This site acts as an interface with the book and presents interviews which were conducted in the last two to three years. It also includes various gig reviews which were compiled locally for the now sadly defunct LAMP venue and will periodically be updated with fresh material when it is relevant. This came about as a result of one or two friends suggesting that a blog may be of interest to alternative music lovers everywhere and also provide a gateway into the book.
The idea behind the book came from a conversation with a friend who told me that seeing as I have a wide appreciation of punk/new wave/indie music that I should consider writing a book. After some wrestling with the concept I started writing around September 2012. Since then the text has grown well and now is being knocked into shape. The book focuses on music that has inspired and motivated me right back to my early teenage years. It reads in some ways like a talkative hitch hiker on a long journey and covers much ground as I weave between different genres and how they inter-relate to each other. So, a band such as That Petrol Emotion were very influenced by the punk ethic and Captain Beefheart as has been Attila the Stockbroker by the poet Hilaire Belloc and the Clash! Jake Burns from Stiff Little Fingers gave me a lively interview at a gig in Nuneaton and was very kind providing a rounded view on the punk/new wave scene and its impact on the present day. The book also features a remote questions and answers session with the prolific Dutch sound poet Jaap Blonk who I met at LAMP gig in 2013. Sound poetry is a distinct poetic form with musical overtones and Jaap can be seen as a performer in the long line of sound poets dating back to the Dada artists of the early twentieth century. The relationship between music and poetry is a strong one and I am hoping to reflect this in the writing.
There is a chapter which focuses on the Rave/Free party scene with an extensive interview with DJ and fanatic Mark “Billy” Warnes. Billy and I spoke for nearly an hour and covered a lot of ground surrounding how rave developed, what it meant to the people involved and so on. Rave and the festival scene went hand in hand in many respects with the “Madchester” scene, the Stone Roses, Happy Mondays, Inspiral Carpets growing alongside Rave, almost feeding off each other,inspiring a whole generation of young people into the bargain. But, sadly as people partied so the state became killjoys similar to what happened with punk in the late 70s. Still, you can`t legislate against feeling, my feeling being that though rave may have become part of the mainstream the views of millions of people at that time have had a lasting influence on contemporary culture.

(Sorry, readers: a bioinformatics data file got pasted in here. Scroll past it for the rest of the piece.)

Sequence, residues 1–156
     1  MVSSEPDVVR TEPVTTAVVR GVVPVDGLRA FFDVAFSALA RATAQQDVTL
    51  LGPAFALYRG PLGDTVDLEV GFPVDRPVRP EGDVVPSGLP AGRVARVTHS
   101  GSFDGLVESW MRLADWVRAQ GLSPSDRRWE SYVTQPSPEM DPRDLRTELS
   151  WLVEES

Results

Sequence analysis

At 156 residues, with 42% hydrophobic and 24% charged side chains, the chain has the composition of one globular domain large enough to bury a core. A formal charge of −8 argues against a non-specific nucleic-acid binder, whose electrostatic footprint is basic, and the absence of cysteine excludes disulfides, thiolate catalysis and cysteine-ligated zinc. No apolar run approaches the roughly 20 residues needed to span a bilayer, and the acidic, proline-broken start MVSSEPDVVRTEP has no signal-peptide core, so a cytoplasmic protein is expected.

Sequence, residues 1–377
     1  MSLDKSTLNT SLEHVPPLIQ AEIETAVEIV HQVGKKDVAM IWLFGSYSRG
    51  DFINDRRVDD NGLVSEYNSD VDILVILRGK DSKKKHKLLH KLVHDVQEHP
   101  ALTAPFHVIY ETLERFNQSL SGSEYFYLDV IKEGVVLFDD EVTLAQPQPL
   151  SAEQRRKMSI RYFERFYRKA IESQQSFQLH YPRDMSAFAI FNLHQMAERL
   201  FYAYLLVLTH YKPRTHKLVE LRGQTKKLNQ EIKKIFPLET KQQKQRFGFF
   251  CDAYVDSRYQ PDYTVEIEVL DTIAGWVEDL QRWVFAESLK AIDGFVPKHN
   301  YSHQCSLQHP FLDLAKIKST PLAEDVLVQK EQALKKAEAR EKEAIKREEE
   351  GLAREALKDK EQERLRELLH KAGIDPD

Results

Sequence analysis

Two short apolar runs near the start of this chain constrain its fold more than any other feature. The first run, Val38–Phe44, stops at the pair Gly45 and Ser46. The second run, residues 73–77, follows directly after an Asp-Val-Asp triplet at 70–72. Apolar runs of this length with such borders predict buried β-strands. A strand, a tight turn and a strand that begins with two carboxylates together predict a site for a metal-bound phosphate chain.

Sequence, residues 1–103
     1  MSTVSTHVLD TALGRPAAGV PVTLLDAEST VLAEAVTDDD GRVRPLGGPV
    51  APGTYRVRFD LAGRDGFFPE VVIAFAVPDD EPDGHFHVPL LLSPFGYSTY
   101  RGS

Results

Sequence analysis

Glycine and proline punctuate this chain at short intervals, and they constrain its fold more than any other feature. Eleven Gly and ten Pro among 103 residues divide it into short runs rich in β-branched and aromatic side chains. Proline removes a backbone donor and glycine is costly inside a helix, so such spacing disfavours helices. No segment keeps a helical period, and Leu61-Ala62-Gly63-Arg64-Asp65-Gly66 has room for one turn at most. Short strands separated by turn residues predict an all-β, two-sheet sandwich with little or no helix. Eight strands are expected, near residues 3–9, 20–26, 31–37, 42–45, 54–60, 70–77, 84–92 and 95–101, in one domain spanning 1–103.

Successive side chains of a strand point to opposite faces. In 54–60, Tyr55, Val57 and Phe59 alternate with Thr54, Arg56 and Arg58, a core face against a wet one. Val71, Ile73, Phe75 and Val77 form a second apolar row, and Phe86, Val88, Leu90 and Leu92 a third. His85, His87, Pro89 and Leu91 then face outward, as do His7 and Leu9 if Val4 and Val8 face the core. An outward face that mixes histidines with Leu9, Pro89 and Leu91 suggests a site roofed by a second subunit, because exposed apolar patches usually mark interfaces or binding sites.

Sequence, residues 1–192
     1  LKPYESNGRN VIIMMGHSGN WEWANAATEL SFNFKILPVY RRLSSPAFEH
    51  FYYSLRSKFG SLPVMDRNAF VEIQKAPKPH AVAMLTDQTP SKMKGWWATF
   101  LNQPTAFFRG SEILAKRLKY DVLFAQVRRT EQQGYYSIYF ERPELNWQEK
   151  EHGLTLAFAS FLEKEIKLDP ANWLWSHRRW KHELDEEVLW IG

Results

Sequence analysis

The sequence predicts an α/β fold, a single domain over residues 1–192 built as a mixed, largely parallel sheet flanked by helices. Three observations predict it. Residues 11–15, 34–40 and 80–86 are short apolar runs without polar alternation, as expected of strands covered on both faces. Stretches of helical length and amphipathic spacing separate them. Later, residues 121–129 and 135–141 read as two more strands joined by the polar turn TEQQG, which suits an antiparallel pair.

Within the interview section there are gems with bands of the here and now such as Dutch Space Siren, Arnold de Boer aka Zea, lead vocalist from the EX and Leamington based Jabba Cartel. I really enjoyed meeting these people and I hope you can gain as much pleasure as I did interviewing them. I have struggled to push on with the writing in the last year or so and have had a block; to counteract this my long time friend Richard Proffitt is now collaborating with me with his considerable expertise, to set up the blog, edit the sound files for the interviews and also chip in with his own composition.